More Than Half of Americans Live in ‘Child Care Deserts’
with Hailey Gibbs of the Center for American Progress
More than half of Americans live in areas with little or no access to quality child care, known as “child care deserts."
Hailey Gibbs, Senior Policy Analyst for Early Childhood Policy at the Center for American Progress, joins host Tetiana Anderson to discuss the current child care crisis, and efforts to improve families’ access to child care.
September 11, 2023
Anderson: Child care programs are crucial for working families, but for many, access to affordable, quality child care is scarce. Hello, and welcome to "Comcast Newsmakers." I'm Tetiana Anderson. Studies show that more than half of U.S. families live in neighborhoods known as child care deserts, areas with little or no access to quality child care. Joining me to talk all about this crisis is Hailey Gibbs. She is the senior policy analyst for early childhood policy at the Center for American Progress. And, Hailey, thank you so much for being here.
Gibbs: Thank you very much for having me.
Anderson: So not everybody has children, but you say that even that group should care about this issue. Why is that?
Gibbs: Absolutely. There are certainly economic consequences for problems accessing child care. The Council for a Strong America found in 2022 that the whole economy loses upwards of $122 billion from lost earnings, tax revenue, productivity when parents have difficulty finding child care. But when we're also thinking about what child care is ultimately for, the kind of service that it performs for families, we're talking about investments that we're making in the next generation, about raising human beings to be productive members of society. And that's a public good that I think affects everyone.
Anderson: And when it comes to parents, I mean, what are some of the barriers they face when trying to actually find quality child care?
Gibbs: Supply certainly is a significant barrier. Living in a child care desert and having to go significantly far out of your way to find a provider if you can find one. Lengthy wait lists, I think, are a significant barrier, and the price of child care is also exorbitant. Child Care Aware of America found in 2022 that the annual average cost of child care for families is about $10,000. That's 10% of a married couples' income, about 30% of a single parent's income. So this is a significant chunk of change that I think presents an impediment to a lot of people.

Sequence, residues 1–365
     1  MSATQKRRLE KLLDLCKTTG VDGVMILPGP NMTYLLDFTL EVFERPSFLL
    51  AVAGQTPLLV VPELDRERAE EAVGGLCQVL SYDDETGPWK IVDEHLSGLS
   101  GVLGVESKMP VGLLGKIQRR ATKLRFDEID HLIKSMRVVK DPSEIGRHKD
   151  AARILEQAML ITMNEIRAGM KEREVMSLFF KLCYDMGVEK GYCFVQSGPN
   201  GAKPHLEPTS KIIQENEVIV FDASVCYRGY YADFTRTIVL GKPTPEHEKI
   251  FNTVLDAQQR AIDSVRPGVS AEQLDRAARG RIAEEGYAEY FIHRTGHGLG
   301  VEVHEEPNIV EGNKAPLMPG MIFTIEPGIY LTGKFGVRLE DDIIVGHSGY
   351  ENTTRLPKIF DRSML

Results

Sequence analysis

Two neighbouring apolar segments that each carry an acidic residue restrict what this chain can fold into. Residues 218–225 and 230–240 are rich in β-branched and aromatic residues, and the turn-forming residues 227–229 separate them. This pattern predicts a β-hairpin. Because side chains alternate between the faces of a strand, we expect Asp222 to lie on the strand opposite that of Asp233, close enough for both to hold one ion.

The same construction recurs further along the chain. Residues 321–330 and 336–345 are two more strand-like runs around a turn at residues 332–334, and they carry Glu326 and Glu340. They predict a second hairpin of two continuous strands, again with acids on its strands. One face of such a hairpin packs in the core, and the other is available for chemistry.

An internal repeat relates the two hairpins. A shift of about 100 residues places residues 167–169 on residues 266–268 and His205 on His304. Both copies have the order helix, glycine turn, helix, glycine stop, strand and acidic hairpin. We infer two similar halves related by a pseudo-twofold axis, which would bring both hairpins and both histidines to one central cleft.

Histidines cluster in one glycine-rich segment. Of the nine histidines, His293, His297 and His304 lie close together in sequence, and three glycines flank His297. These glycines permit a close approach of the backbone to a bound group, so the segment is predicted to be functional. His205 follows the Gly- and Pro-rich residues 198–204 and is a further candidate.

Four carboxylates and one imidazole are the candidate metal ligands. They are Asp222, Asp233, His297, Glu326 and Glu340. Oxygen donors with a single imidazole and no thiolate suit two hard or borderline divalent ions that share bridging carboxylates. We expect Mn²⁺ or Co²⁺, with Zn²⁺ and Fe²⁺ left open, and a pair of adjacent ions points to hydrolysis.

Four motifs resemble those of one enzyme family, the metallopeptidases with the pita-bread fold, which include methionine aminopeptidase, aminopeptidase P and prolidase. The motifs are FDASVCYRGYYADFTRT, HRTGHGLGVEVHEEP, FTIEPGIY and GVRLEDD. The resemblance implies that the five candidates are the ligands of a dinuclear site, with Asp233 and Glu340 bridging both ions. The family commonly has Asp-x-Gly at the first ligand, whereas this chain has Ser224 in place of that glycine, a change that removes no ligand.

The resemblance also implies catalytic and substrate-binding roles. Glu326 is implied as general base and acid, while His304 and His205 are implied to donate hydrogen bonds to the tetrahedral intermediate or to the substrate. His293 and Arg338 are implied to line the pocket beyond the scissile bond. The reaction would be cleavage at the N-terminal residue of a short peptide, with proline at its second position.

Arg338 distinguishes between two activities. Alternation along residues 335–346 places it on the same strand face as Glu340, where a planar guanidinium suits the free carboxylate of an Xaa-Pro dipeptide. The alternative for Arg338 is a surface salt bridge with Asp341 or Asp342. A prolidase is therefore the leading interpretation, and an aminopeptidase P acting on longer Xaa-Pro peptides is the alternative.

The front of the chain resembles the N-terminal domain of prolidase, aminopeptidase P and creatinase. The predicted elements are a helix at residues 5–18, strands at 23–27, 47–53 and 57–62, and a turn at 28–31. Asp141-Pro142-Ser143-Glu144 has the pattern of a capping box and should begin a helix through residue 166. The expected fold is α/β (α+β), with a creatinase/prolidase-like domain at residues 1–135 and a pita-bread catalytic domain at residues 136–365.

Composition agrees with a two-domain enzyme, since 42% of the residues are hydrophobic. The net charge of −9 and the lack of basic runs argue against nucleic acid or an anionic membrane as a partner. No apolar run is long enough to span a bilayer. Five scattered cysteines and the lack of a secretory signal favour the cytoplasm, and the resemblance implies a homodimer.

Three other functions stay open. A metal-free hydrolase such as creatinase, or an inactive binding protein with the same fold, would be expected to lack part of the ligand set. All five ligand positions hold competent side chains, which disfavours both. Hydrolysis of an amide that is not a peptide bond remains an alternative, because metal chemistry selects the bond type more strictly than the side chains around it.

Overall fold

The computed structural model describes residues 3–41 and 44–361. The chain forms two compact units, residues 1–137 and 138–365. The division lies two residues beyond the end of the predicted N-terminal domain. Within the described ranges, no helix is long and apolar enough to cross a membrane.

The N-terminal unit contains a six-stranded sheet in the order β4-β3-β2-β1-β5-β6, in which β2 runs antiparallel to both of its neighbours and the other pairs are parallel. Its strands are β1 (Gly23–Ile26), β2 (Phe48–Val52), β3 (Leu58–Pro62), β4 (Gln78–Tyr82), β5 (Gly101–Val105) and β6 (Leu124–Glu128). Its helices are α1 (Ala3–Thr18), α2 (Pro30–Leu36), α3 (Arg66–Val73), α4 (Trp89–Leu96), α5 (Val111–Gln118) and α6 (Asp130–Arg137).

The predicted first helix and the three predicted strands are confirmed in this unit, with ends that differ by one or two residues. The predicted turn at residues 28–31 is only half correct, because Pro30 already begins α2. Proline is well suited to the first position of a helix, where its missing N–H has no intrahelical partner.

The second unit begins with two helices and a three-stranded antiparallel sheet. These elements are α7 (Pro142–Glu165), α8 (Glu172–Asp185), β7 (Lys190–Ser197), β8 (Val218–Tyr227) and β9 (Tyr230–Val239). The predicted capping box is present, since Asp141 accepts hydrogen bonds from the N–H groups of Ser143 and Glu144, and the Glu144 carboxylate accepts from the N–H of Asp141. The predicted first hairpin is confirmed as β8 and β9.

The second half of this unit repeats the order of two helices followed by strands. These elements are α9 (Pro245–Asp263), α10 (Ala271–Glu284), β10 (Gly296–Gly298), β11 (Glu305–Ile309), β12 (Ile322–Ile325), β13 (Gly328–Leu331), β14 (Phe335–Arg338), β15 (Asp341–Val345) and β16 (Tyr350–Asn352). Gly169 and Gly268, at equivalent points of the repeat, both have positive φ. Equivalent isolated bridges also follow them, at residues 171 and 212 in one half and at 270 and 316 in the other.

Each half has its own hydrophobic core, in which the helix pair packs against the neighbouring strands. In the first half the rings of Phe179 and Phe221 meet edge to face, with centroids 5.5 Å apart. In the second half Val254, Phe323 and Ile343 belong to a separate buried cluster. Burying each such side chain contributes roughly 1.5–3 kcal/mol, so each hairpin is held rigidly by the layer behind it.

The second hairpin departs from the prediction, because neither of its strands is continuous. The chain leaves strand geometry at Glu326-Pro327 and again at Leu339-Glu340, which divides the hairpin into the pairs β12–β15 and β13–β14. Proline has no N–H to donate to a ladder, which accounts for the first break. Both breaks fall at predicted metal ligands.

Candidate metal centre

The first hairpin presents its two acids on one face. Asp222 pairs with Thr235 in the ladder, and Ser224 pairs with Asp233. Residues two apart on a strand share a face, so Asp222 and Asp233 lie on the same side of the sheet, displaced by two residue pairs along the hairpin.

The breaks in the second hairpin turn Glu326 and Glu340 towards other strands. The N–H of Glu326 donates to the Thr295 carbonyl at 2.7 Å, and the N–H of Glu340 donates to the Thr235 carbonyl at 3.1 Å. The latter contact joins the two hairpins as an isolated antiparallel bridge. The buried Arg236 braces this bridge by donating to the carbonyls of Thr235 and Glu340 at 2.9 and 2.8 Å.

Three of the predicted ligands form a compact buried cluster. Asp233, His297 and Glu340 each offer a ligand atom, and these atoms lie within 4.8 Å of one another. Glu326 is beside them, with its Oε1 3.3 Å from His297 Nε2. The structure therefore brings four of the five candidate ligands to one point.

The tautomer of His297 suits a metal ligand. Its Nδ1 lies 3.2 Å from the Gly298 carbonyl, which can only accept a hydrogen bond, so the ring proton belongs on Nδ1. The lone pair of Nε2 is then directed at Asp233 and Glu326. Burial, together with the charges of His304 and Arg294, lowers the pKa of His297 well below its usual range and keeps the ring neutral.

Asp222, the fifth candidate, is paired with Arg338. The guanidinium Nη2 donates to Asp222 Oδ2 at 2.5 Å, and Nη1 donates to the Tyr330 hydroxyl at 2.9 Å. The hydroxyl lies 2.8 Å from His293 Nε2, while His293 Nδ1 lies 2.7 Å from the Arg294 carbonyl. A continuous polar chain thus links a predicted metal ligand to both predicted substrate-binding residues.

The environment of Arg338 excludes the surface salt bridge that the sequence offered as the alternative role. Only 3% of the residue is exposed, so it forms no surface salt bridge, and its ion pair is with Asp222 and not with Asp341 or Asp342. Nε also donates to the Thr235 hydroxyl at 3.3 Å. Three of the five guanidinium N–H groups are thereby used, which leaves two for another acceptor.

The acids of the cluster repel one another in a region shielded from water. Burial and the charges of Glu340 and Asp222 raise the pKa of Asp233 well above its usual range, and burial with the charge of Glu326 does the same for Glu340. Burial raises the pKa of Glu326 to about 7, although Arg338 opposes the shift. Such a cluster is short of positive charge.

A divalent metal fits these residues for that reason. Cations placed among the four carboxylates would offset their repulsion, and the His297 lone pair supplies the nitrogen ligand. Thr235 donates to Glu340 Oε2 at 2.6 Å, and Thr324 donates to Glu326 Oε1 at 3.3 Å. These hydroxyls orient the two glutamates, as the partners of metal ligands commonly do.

Anderson: And how much is that $10,000 or so in the scheme of actually raising a child? What part of the cost is that?
Gibbs: It's a significant portion. And that cost, also relative to other expenses that families have to take on, is also a significant impediment. That cost is in most places in the country more than the cost of housing. It's everywhere in the country more than the cost of food, transportation, even healthcare expenses. So when we're talking about the whole constellation of costs that parents take on to run a household and to raise their children, this is not a small portion of that.
Anderson: So is this hitting one community harder than the other? And how important is quality child care when it comes to actually breaking the cycle of poverty that many communities face?
Gibbs: Yeah. So even before the pandemic in 2018, when we were originally collecting these data, more than half of Americans lived in a child care desert. But those impacts are felt disproportionately. It's low-income communities, rural communities, Hispanic communities that find themselves more likely to live in a child care desert than others. And when we're talking about all of the different components of a family's budget that go into raising children, in access to child care, lack of access to child care and those kinds of prohibitive expenses do help to perpetuate a lot of the inequities that we see in those communities already.
Anderson: So your organization is clearly working very hard on this topic. I'm wondering what you're doing now that will make accessing quality child care easier in the future.
Gibbs: Yeah. So like raising a child works best when it's done in a village, we also are part of a broader coalition space involving lots of brilliant people across different organizations doing this work. And we've all coalesced around three primary policy goals. One is to increase supply. We just need more options for families, and that includes families that work nontraditional hours who need services for infants and toddlers, who need services for children with disabilities. So making sure that those options are available to as many people as possible is a primary goal. Bringing down the cost for families is incredibly important. We want to make sure that it takes no more than 7% of a family's income to afford child care. And, of course, we need to be making investments in the child care workforce. This is a skilled workforce doing incredibly valuable work and you can't technology or innovate your way out of having people do that work. So all collectively together, we are coalescing around those priorities.
Anderson: So people are gonna have questions. They're gonna want to know more about what you're doing. What is your website? Where should they look?
Gibbs: Well, our website is americanprogress.org. We have a special topics page on there specifically for childcare deserts for folks who want to dig into that work quite a bit more. And our Early Childhood Policy team also has a website with more work focused on the child care workforce, on different aspects of children's health and development. So there's a ton to dig into there.
Anderson: Hailey Gibbs with the Center for American Progress, thank you so much for being here.
Gibbs: Thank you.
Anderson: And thanks to you, as well, for watching. As always, for more great conversations with leaders in your own community and across the nation, visit comcastnewsmakers.com. I'm Tetiana Anderson.